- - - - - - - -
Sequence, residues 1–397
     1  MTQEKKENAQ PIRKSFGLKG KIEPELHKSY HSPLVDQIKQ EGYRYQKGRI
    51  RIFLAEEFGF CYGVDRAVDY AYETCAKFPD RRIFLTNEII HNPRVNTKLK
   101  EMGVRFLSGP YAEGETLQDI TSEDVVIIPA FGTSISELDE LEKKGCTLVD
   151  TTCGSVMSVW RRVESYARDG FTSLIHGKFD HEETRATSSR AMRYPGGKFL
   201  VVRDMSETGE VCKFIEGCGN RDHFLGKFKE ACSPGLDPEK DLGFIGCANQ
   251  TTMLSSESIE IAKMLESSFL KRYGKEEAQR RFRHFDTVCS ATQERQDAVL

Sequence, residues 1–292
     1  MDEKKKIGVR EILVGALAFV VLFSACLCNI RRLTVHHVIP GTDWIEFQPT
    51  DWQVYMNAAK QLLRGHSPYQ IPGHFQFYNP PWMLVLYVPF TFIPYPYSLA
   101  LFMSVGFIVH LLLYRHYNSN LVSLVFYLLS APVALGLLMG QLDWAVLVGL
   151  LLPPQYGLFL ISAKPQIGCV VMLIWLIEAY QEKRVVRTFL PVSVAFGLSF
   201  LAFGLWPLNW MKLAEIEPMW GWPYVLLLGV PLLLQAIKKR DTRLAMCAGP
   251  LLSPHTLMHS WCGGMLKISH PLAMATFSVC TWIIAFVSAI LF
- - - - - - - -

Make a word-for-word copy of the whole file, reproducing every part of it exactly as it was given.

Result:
Sequence, residues 1–397
     1  MTQEKKENAQ PIRKSFGLKG KIEPELHKSY HSPLVDQIKQ EGYRYQKGRI
    51  RIFLAEEFGF CYGVDRAVDY AYETCAKFPD RRIFLTNEII HNPRVNTKLK
   101  EMGVRFLSGP YAEGETLQDI TSEDVVIIPA FGTSISELDE LEKKGCTLVD
   151  TTCGSVMSVW RRVESYARDG FTSLIHGKFD HEETRATSSR AMRYPGGKFL
   201  VVRDMSETGE VCKFIEGCGN RDHFLGKFKE ACSPGLDPEK DLGFIGCANQ
   251  TTMLSSESIE IAKMLESSFL KRYGKEEAQR RFRHFDTVCS ATQERQDAVL

Sequence, residues 1–292
     1  MDEKKKIGVR EILVGALAFV VLFSACLCNI RRLTVHHVIP GTDWIEFQPT
    51  DWQVYMNAAK QLLRGHSPYQ IPGHFQFYNP PWMLVLYVPF TFIPYPYSLA
   101  LFMSVGFIVH LLLYRHYNSN LVSLVFYLLS APVALGLLMG QLDWAVLVGL
   151  LLPPQYGLFL ISAKPQIGCV VMLIWLIEAY QEKRVVRTFL PVSVAFGLSF
   201  LAFGLWPLNW MKLAEIEPMW GWPYVLLLGV PLLLQAIKKR DTRLAMCAGP
   251  LLSPHTLMHS WCGGMLKISH PLAMATFSVC TWIIAFVSAI LF